1:15 PM, April 19th, 2012
The Kony videos, especially the first one, provide a very simplistic narrative about a complex situation and offers a feel good solution that at the end of the day does nothing on the ground.

Former child soldier and author Ishmael Beah on his issue with the Kony 2012 videos. (via newsweek

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Reblogged from Newsweek
3:29 PM, April 18th, 2012
I’ve reported on Kony for a few years now, and what always disturbs me is speaking to the victims. It’s incredibly sad and most of them are very traumatized. Some of them, it should be said, have been brutalized not just by the LRA but by the armies of DRC, Sudan, and Uganda as well, so they’ve been doubly or triply victimized. They have awful stories of having to kill people by force, or be killed, of witnessing rapes, mutilations, beatings, torture. etc. And hearing small children say these things is always very disturbing.
Scott Johnson, a reporter who followed the Ugandan Army’s hunt for Joseph Kony, is hosting an AMA. The above is his answer to the question “Was there anything that really made you upset or distressed which you saw when you got over there?” asked by redditor Wolfhunters. He wrote a piece for this week’s Newsweek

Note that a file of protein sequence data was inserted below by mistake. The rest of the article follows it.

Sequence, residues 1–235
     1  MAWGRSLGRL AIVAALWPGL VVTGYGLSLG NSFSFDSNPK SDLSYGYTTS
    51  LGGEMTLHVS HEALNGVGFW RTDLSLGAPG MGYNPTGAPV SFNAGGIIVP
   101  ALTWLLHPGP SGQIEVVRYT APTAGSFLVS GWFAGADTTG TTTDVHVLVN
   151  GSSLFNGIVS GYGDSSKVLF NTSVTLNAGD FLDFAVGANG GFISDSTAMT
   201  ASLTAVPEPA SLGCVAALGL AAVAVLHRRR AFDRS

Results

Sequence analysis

5:45 PM, March 14th, 2012

In response to the Kony 2012 video from Invisible Children, Al Jazeera has launched a project called Uganda Speaks, which is, among other things, using the hashtag #UgandaSpeaks, (solid explainer here) to track the reactions to the film from Ugandans in Uganda. 

There was a strong sense from the audience that the video was insensitive to African and Ugandan audiences, and that it did not accurately portray the conflict or the victims. Watching the film was upsetting for many audience members, and a group of viewers nodded their heads in affirmation when one viewer said, “This was very painful to watch, it brings back to me many bad memories and that is not good.”

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